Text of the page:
Something like Curious was a no-brainer. It was intimidating, the book was so well known. People work very hard when they read Curious Incident. Their imagination has to fill in all the gaps. People have a very personal response to the book and they have a very clear version in their heads because they are given so little from the author himself. Christopher is the only person who narrates the book and because of the way he looks at the world, he leaves out lots of details. There’s never a lot of detail for how somebody looks and how their faces work when they’re expressing things.
So we started to realize that everyone has a very strong sense about what Curious Incident should be, moreso than any other book I know. So we do take on board everybody else’s sense of what’s right and what’s wrong. But look, ultimately, you just have to bite the bullet and just try. But then, be smart during previews and listen to your audience. Feel what they’re responding to and what they’re not. And don’t be afraid to use your previews as a time to change things.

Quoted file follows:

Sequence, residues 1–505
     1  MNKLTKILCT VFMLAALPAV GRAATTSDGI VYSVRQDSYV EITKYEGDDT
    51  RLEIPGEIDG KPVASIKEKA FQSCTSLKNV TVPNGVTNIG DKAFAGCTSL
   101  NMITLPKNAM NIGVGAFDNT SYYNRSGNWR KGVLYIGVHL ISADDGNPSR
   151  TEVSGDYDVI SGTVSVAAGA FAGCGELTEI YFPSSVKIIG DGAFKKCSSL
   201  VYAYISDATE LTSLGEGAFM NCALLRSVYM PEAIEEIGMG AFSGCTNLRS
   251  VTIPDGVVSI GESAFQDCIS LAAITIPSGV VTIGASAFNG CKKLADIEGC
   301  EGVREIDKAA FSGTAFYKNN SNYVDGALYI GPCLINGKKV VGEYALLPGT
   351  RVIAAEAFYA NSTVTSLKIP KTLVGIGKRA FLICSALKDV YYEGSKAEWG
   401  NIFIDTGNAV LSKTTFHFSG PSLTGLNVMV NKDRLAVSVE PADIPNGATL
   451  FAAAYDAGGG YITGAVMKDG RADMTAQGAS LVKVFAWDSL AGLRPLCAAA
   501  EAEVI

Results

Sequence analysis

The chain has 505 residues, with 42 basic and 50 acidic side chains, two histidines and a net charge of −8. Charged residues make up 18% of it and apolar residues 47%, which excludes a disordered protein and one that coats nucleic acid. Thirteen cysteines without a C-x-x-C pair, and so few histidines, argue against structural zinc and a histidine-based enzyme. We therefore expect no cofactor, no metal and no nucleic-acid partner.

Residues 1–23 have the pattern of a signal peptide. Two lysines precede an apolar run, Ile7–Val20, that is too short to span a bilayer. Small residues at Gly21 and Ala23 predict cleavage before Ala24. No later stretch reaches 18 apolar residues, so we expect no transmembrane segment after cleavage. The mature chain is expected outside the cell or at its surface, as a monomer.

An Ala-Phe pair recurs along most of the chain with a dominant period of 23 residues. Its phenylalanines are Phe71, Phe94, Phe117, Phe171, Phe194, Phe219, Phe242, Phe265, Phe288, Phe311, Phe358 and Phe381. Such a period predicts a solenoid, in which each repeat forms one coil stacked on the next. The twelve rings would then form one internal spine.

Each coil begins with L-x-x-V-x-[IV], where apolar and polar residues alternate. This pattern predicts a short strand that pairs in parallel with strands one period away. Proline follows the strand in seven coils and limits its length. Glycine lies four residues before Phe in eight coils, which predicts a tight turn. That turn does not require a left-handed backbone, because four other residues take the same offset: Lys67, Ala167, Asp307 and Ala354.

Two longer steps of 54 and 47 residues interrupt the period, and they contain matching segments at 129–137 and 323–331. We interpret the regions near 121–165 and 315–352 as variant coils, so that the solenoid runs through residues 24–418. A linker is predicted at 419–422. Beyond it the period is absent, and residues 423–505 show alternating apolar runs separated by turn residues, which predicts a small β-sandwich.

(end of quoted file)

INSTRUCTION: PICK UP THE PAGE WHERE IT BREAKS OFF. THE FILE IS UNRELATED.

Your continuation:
Since you initially studied literature, how did you end up becoming a theatre director and movement artist?
When I was in University, a friend of mine was reviewing for the student newspaper, and she took me to see a play by a company called Volcano. The play was a version of Medea. I’d been to the theatre maybe four times in my life before this. I was around 9.
It lasted about an hour and it was incredibly violent and had four performers in sports gear and elbow pads and big pieces of metal. I couldn’t believe that this was theatre and how connected I felt to it. A week after, the company posted a piece of paper around the university saying we’re looking for some students to do some workshops with them and I went to a workshop. I had no sense of what theatre should be I certainly didn’t think of it as a career, but they were a physical theatre company.